Divide the First pick of the weave into six sections of 7 ends each. Then beginning with the first section leave only 1 end down; that is, this part would be marked 6/1. In the next section leave 2 ends down, making this section 5/2. Continuing in this manner, the next section will be 4/3 the next section, 3/4 the next section 2/5 while the last section will be marked Ls; therefore, the first pick of this weave would be marked 6/1 5/2 4/3 3/4 2/5 1/6. It is next necessary to run up this twill in the regular 45° manner until it is complete; that is until it occupies 42 ends and 42 picks. Fig. 50 (iz) shows the complete weave. After the regular twill has been formed it is necessary to decide what angle the diagonal shall form. If it is to be a 63° diagonal, every other end of the regular twill may be taken. If it is to form an angle of 72°, every third end of the regular twill will be taken, and so on. Suppose that in this case it is desired to have the diagonal form an angle of 72°.

Then every third end of the regular twill shown in Fig. 50 (a) will be taken. As 3 can divide evenly into 42, the number of ends on which Fig. 50 (a) is complete, the diagonal is complete on 42 + 3, or 14, ends.Commencing then with the first end in Fig. 50 (a) and taking every third end of the weave, Fig. 50 (b) will result. Thus, the first end of Fig. 50 (b) is the first end of Fig. 50 (a); the second end of Fig. 50 (b) is the fourth end of Fig. 50 (a); the third end of Fig. 50 (b) is the seventh end of Fig. 50 (a); and so on until every third end of the regular twill has been taken. Fig. 50 (b) will form a shaded effect in the cloth; that is, commencing with a certain part of the weave a large part of the warp will be found to float on the surface.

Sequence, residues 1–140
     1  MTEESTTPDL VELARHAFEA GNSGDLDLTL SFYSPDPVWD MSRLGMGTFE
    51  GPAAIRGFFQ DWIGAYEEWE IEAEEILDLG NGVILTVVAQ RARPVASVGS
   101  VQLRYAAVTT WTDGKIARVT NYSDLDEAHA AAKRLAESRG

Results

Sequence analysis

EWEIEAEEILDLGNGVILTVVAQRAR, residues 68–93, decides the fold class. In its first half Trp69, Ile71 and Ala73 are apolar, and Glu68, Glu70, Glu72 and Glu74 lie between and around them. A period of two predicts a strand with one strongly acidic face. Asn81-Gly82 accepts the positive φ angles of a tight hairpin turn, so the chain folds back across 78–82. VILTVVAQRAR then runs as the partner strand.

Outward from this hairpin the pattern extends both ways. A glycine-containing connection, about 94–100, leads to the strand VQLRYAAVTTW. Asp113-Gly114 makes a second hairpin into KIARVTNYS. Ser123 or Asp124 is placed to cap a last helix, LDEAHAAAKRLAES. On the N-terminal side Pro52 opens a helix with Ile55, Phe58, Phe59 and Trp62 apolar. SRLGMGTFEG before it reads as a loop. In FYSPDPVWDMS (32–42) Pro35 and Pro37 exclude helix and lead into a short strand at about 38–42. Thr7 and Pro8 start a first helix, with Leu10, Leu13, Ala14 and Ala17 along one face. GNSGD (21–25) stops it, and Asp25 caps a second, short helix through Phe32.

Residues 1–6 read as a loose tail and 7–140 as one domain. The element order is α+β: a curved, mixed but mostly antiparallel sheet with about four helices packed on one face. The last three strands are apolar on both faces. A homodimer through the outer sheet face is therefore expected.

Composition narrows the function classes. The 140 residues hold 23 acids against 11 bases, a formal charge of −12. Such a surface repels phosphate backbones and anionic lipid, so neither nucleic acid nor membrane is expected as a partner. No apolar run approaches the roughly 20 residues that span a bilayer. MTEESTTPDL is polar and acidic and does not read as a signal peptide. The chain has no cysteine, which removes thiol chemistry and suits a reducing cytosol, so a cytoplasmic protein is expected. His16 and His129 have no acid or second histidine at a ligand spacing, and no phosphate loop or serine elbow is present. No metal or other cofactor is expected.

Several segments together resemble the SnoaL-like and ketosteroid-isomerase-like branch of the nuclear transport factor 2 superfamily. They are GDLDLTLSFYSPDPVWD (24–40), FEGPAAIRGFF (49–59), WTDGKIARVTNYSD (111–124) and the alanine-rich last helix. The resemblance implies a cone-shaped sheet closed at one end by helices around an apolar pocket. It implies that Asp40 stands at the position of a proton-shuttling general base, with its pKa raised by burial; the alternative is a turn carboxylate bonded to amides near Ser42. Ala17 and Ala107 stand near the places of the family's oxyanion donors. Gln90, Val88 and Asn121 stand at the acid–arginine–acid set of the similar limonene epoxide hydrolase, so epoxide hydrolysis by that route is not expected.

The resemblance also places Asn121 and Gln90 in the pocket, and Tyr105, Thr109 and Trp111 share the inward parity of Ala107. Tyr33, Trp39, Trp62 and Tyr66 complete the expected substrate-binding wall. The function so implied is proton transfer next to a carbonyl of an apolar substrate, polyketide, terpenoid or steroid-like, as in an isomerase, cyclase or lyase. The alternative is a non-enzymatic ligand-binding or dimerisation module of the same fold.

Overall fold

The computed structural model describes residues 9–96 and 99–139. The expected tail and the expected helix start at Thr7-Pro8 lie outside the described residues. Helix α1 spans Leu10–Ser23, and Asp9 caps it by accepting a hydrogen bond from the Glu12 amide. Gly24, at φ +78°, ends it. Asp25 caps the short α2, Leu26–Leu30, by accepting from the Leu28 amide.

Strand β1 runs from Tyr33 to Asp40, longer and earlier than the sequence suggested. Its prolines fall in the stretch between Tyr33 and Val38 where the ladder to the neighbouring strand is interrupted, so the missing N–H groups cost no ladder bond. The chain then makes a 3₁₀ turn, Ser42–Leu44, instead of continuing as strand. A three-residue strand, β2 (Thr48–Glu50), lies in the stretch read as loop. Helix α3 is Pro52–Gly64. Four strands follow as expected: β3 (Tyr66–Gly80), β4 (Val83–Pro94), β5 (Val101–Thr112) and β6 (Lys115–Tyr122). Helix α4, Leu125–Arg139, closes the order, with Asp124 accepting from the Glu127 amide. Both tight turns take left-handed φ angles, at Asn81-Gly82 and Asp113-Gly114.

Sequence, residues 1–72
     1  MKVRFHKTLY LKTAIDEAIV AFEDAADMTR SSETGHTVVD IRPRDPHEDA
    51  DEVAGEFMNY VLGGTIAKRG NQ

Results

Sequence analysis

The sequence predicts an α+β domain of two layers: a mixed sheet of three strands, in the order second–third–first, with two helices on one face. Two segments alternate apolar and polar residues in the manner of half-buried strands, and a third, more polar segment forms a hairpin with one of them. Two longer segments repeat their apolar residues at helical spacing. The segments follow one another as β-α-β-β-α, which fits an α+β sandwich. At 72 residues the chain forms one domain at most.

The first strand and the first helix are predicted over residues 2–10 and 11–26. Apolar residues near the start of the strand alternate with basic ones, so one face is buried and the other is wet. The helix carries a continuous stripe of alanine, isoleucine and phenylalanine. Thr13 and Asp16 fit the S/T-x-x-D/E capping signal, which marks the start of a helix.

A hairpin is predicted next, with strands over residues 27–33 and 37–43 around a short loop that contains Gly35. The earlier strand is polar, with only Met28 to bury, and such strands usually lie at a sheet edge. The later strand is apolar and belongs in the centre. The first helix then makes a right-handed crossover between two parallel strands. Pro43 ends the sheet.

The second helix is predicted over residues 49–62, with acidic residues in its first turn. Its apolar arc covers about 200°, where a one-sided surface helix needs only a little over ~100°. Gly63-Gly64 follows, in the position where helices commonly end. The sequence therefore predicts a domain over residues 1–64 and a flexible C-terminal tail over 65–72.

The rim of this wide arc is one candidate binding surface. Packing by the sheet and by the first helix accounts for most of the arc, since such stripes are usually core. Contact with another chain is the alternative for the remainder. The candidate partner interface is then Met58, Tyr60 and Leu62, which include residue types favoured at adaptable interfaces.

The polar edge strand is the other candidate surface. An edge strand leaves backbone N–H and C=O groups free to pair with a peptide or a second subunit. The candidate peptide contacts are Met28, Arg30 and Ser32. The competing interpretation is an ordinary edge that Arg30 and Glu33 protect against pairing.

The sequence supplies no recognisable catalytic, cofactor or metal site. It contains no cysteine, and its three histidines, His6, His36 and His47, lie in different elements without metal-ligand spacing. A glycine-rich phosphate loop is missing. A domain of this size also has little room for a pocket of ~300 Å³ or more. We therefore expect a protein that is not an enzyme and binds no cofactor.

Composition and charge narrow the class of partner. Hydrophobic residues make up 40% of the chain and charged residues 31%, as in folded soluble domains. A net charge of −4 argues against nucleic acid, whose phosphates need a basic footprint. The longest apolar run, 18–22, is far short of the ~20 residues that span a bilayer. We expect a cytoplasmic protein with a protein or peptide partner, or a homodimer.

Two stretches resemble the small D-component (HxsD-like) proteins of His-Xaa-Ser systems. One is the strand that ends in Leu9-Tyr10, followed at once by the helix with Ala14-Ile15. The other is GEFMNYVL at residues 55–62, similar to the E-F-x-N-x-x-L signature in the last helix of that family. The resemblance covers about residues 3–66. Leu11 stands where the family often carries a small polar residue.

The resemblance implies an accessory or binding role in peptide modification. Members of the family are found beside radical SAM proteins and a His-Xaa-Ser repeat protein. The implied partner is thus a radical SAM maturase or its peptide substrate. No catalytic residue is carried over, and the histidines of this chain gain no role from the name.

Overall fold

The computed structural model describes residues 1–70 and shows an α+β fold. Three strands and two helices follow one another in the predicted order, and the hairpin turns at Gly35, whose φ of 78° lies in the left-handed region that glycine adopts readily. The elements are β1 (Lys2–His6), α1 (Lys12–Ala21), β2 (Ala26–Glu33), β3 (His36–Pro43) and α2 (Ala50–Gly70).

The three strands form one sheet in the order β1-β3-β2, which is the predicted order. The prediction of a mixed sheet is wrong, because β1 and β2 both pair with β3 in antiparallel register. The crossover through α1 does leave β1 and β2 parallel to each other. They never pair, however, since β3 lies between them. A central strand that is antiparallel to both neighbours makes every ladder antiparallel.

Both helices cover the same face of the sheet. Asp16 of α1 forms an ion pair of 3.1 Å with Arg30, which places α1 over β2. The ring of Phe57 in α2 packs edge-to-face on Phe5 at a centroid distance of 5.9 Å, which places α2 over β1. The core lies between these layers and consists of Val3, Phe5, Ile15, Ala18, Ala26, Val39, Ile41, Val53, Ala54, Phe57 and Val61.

The weave is then shaded gradually until a point is reached where the filling will be found to predominate largely on the surface. In many cases these diagonals are made to shade in both directions; that is, the warp floats will be found gradually to grow less until the filling predominates, when the weave will again be shaded until the warp predominates, instead of breaking off suddenly as in Fig. 50 (b). In making the regular twill weave for the base of a shaded diagonal, the perfect results are obtained if the weave is equally flushed. In order to find this base, the following method is employed: Mark the numbers that indicate the number of warp ends to be lifted over the first pick, beginning with 1 and running up as high as desired, repeating the highest number and then grading down again but stopping with 2 instead of 1; thus,(1 2 3 4 4 3 2)/.

Then put 1 to represent one end down between the two highest numbers and grade in each direction until the highest number is reached at each end; thus, (. This method makes a perfect, equally flushed weave, since the same number of warp ends are up as are down, and also where 4 warp ends are up in succession (1 2 3 4 4 3 2)/(4 3 2 1 2 3 4) end is down between them, and where 4 warp ends are down in succession 1 warp end is up between them. Fig. 51 (a) shows the regular twill weave formed in this manner with the base given and Fig. 51 (6) shows a 63° diagonal derived by taking every other end in proper rotation. Shaded diagonal weaves are woven with a warp_of one solid color and a filling of another solid color opposed to that of the warp, as for instance, a black warp and white filling, or vice versa; this brings out the shaded effect of the weave.